.... still no rocket. But I had a nice walk. The field is
very pretty. And I was the star of the cow show. They must
get bored staring at the same grass all day, so a rocket idiot
stumbling around the pasture is good entertainment. I covered the
open areas pretty well so I think it is in the woods, which I did
not have time to search before dark.
Perhaps greater than the loss of the rocket is the loss of the data.
I would like to know what went wrong, and without the rocket, I
can only guess. If the main deployed, as happened on the first
flight with the ARTS altimeter, the rocket could be caught in a tree.
If the main did not deploy, it is likely to be a finned post-hole
with pink flecks here and there.
Maybe I'll look again after the next launch.
In the meantime, I'll order some parts and start building another one.
It will have TWO altimeters, and maybe a camera bay!
Flash Forward... Sugar Rush recovered! Or part of it.
launch, 9-9-06. Sam Haynes' son found it while looking for
another lost rocket. It was in the cow pasture, as expected.
and fins are intact, but rearranged a bit. Motor retainer
made a clean break from body tube. It was the motor mount tube
that broke, so now I know the weak point in this system.
Apparently, it hit at high velocity. Not only has the fin
section moved forward in relation to the motor, but the nozzle is now
about halfway down in the motor. It could have only gotten there
by crumpling the phenolic-paper case liner ahead of it, which
would have required considerable force.
end of the motor casing was filled with tight-packed wood chips.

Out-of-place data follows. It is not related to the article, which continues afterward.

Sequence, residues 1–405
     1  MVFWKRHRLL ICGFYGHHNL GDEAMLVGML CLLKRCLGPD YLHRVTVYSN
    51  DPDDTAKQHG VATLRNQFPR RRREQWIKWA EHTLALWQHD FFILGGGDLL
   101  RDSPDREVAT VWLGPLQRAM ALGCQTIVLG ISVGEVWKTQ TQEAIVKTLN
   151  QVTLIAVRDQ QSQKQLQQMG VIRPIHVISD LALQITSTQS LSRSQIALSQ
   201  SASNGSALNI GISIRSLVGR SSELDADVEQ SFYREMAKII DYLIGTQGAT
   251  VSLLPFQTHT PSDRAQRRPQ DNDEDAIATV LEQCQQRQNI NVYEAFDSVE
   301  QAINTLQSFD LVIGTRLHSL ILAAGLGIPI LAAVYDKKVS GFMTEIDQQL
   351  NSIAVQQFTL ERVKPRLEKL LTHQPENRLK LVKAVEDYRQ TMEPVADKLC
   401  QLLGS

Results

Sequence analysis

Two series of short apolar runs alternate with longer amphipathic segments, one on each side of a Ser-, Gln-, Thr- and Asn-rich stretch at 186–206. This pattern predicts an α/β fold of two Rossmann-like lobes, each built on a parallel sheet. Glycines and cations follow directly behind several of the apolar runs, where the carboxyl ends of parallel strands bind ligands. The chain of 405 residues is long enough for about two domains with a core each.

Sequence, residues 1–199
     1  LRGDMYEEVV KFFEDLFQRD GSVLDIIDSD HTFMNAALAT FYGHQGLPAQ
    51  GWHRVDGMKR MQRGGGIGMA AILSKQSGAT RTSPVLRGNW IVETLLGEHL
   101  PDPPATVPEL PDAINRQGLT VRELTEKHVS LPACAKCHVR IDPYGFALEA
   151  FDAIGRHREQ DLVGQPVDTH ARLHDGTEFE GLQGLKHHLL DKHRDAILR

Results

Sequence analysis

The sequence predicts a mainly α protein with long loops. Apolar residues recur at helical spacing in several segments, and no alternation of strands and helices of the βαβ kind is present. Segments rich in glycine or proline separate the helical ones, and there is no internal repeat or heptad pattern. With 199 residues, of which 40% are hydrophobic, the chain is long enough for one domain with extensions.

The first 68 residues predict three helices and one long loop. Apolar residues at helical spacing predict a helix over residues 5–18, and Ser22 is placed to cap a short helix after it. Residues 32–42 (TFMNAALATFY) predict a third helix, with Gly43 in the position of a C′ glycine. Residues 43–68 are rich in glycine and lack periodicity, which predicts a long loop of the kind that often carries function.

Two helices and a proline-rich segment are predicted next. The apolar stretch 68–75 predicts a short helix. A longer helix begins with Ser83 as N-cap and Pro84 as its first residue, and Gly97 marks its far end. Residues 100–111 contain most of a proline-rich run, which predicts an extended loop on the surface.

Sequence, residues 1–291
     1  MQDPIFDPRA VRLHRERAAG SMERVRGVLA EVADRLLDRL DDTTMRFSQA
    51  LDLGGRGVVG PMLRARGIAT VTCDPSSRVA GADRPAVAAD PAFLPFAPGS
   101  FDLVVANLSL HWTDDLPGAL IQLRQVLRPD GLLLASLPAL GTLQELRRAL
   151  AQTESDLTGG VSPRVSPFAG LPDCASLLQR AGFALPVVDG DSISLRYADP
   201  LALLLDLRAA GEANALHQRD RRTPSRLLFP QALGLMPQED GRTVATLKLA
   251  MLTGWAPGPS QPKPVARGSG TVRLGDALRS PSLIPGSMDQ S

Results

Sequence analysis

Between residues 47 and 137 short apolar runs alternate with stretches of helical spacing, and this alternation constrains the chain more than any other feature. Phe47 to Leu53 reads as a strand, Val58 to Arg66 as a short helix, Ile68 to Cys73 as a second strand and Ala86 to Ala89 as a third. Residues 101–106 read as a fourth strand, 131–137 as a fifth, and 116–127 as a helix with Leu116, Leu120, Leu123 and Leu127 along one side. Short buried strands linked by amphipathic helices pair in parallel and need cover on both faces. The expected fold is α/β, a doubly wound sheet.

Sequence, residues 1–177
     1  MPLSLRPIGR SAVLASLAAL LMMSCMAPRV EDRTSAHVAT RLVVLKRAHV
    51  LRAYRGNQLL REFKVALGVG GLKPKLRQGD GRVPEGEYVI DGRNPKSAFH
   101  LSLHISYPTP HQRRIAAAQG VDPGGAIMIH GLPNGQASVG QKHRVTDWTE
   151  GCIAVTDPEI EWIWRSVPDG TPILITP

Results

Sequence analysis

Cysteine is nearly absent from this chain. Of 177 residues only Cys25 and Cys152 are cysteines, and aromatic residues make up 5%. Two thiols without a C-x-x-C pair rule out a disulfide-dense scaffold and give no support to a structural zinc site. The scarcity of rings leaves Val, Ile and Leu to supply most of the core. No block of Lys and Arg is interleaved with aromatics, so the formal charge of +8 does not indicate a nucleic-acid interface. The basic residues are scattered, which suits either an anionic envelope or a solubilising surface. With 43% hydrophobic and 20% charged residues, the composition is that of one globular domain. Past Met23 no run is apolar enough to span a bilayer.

I looked at these for the longest time trying to figure out where
they came from. There were plywood bulkheads ahead of it in
the rocket, but this is not plywood. The altimeter mount was made
of maple, but this is not maple. So I am guessing it hit a stump
in its final milliseconds and took some chips off the old block.
plug is frozen tight. I suspect it is "glued" in place by
propellant residue interacting with aluminum and moisture. I've
had plugs freeze from just an hour or two, and so like to disassemble
the casing as soon as possible after a flight. This one has been
out in the Florida summer for a month. I believe the motor casing
can be salvaged by trimming it back and cutting another snap ring
groove, assuming the head plug and nozzle can be removed.
The forward section was not found. I did not visit the recovery site, but may try to find it at next launch.
G10 fins seem unfazed by this trauma, and the motor retainer is intact.
So I may be compelled to rebuild the Sugar Rush starting with
these parts. It is a good test-bed for 54mm motors - and I could
use one of those!